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ivoh | November 17, 2017

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The value of character

Margaret Engel

Margaret Engel

By Margaret Engel

“These are some bad, ugly and angry times, and I am so freaked out. Politics isn’t about left and right; it’s about up and down. The few are screwing the many.”

Prescient and plain-speaking as ever, the hell-raising columnist Molly Ivins wrote this shortly before her voice was stilled way too soon in January, 2007.

The day after her death, with heartfelt tributes flowing in from national commentators such as Paul Krugman and Garrison Keillor, my twin sister and I decided to write a one-woman play about Molly Ivins, the better to keep her distinctive voice alive.

We weren’t alone in wanting to keep hearing from Molly. We lost track of how many political writers lamented that Molly wasn’t around to comment on the 2008 presidential election, Sarah Palin or the Teabaggers. “What would Molly say?” they asked in print. The Texas Observer, Molly’s longtime employer and keeper of her journalistic flame, even had green bracelets printed up with that slogan on them.

From her perch in Austin, Texas, Molly saw clearly what was happening in this country – more clearly than many journalists roaming the corridors of power in Washington. She provided an early warning on so many issues – the Savings & Loan crisis, the bogus rationale for the Iraq war, the increasing polarization of politics, the crony capitalism that was erasing our middle class. She was an early admirer of Barack Obama – as she said, “the only candidate with any Elvis in him” – but would not have hesitated to take him on, as she did with any politician who became too cozy with lobbyists or big business and forgot that “we, the people” were the ones who should be running the show.

Studying Molly and writing about her life turned out to be a chance to examine my own values – journalistic and otherwise. She was a nonstop fighter who came to populism and progressivism after an early life of privilege in a Republican household. She ran in the same high school circles in Houston as George W. Bush, who belonged to the same country club. But while “Shrub,” as she nicknamed him, relived his parents’ lives, Molly made a clean break from her own parents’ political and social beliefs and never looked back.

The courage it took for her to publicly disagree with her parents was inspiring. So too was her lifelong commitment to patriotic principles. When the great Texas storyteller and patriot John Henry Faulk, was dying, Molly made a promise to her mentor to continue his “speechifying” to freedom fighting groups. So, once a month for the last 15 years of her life, Molly – at her own expense – traveled to small towns across America where the Constitution or Bill of Rights was under attack, giving speeches about the importance of standing up for our rights. Her only stipulation was that she not travel to liberal cities such as San Francisco or New York where people tended to agree with her.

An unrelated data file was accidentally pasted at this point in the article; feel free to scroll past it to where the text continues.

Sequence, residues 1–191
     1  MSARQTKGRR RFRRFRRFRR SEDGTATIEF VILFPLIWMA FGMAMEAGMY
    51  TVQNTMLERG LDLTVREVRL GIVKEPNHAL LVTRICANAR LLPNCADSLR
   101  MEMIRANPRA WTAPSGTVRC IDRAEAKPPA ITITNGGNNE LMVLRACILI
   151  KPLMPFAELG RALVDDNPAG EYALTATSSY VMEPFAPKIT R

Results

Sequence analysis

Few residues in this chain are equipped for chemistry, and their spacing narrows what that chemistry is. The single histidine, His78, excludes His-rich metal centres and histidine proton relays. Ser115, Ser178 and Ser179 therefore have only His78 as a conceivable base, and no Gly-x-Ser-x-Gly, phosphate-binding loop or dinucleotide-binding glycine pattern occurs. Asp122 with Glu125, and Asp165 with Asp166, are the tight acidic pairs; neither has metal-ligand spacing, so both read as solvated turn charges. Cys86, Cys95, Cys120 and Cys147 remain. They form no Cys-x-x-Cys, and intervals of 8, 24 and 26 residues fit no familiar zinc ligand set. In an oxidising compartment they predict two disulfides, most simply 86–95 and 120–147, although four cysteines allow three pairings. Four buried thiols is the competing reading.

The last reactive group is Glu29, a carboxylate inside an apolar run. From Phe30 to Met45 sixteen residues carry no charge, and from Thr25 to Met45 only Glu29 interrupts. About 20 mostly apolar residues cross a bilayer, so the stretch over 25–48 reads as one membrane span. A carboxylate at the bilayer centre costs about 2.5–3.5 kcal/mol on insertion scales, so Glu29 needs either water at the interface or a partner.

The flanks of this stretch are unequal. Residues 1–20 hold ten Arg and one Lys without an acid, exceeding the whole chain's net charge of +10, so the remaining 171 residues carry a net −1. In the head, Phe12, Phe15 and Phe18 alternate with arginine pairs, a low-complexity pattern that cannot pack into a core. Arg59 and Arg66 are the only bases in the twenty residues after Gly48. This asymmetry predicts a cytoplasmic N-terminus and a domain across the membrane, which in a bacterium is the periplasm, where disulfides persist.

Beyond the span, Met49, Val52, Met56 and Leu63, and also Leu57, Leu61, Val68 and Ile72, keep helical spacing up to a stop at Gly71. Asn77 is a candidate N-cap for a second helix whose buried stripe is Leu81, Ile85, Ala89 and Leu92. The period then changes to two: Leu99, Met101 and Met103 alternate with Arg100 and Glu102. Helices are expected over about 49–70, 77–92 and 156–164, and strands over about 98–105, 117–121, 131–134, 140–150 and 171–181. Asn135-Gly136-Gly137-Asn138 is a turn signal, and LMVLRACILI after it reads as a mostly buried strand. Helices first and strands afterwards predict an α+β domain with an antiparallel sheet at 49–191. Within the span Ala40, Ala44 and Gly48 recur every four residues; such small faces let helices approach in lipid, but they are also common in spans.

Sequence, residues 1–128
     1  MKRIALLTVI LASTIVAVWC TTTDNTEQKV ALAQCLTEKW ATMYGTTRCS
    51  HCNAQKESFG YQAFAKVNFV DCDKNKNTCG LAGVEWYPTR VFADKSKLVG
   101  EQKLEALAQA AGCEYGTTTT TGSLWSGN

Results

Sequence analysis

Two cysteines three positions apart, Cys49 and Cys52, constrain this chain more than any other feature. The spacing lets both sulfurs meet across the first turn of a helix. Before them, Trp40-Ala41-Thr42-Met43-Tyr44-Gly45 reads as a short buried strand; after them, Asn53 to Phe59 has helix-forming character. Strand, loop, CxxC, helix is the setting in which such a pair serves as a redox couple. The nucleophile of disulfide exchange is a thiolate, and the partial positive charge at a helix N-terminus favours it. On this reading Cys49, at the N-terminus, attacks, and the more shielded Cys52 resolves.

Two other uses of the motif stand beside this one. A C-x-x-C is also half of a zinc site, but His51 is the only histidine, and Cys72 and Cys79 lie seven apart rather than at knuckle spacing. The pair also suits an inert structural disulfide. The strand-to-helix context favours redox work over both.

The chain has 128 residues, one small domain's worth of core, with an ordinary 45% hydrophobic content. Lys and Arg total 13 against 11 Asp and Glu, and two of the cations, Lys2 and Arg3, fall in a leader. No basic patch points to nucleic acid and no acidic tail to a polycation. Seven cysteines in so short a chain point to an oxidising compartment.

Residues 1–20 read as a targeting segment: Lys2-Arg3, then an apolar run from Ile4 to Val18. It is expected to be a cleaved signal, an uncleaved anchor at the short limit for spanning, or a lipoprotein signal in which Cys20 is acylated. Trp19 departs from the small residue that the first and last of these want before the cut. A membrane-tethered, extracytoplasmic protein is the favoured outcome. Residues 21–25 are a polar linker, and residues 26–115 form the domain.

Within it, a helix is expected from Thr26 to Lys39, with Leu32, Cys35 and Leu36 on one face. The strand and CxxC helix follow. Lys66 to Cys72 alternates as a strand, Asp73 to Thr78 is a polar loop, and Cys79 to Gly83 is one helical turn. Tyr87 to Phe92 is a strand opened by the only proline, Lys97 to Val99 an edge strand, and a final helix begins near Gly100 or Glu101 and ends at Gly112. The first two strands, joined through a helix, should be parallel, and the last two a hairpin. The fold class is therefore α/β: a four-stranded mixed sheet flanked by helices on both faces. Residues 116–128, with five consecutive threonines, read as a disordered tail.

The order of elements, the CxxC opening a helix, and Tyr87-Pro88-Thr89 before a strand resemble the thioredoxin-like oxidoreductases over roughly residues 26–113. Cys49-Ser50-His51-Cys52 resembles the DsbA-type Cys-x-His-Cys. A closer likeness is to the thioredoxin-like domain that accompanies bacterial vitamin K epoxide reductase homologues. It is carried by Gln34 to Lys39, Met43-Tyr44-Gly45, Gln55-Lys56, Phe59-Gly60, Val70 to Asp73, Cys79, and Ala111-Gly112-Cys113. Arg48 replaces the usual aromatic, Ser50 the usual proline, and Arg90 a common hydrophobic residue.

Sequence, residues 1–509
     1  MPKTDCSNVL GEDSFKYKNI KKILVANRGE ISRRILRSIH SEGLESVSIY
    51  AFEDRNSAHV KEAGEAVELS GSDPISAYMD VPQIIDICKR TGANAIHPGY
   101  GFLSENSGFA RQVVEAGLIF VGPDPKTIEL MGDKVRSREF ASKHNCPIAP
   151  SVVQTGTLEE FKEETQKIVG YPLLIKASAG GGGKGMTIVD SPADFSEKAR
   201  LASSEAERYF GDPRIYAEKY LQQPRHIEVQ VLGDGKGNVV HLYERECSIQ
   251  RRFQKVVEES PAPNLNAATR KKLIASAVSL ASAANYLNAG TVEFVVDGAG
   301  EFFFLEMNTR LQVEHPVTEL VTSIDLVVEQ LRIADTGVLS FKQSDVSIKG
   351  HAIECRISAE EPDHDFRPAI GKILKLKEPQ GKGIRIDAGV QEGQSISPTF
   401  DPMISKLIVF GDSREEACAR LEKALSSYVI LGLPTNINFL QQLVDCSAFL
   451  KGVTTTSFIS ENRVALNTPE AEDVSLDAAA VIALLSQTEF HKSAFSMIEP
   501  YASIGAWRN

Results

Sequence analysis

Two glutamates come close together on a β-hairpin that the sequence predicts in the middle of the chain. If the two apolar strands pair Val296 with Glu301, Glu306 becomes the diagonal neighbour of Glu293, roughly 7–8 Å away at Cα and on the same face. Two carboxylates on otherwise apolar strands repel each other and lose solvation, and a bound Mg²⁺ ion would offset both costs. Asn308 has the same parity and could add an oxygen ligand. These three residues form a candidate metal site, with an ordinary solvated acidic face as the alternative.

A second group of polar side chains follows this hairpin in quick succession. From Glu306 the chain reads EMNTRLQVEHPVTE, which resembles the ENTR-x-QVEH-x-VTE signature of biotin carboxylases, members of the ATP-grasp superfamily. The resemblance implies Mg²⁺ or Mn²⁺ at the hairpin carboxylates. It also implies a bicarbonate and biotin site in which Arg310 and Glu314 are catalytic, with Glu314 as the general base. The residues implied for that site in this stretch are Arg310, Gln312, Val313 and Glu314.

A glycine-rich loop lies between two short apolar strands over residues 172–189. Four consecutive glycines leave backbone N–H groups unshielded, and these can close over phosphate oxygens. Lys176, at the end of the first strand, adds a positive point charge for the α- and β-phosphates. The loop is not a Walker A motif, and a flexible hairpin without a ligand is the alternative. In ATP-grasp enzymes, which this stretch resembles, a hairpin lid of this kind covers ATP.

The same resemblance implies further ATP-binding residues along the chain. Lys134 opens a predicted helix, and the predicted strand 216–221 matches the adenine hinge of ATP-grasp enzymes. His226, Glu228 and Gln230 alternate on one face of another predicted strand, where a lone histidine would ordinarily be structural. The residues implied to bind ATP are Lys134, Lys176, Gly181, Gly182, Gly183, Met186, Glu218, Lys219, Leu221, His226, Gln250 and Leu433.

This very substantial commitment of time and money in the service of the principles laid down by our founders was something Molly did quietly. It was but one example of her very fierce patriotism. Another was her annual Fourth of July column in which she wrote about American ideals in words that could be understood by all. A collection of her columns was printed by Readers Digest which pleased Molly no end. She wanted as many citizens as possible to realize that patriotism and liberalism are not incompatible bedfellows.

Molly was a columnist who was not bound by journalistic strictures to be politically neutral. Her unabashed opinions did not make her less effective. It did give me pause to consider how much more effective she was than reporters who claim to be objective but who trade in their skepticism and tough questions for access to powerful inner circles.

Another Molly hallmark was humor, which is often suspect in journalism. Molly used jokes as a means to an end. When people laughed, she said, they opened up their ears and heard you. Molly joined other political truth-tellers such as Mark Twain, Michael Moore and Al Franken in speaking humor to power. That gave me pause as well. Maybe humor can help bridge the awful divide in our political discourse these days.

Margaret Engel’s piece is from a series of essays on Voices & Values of Journalism that has been created by Images & Voices of Hope with the generous support of the Fetzer Institute and the Janet Prindle Institute for Ethics at DePauw University. Our collective intention is to make these essays widely available to journalists, aspiring journalists and anyone interested in the field as part of an emergent curriculum to explore the deep foundation of values that support the important work that journalists do.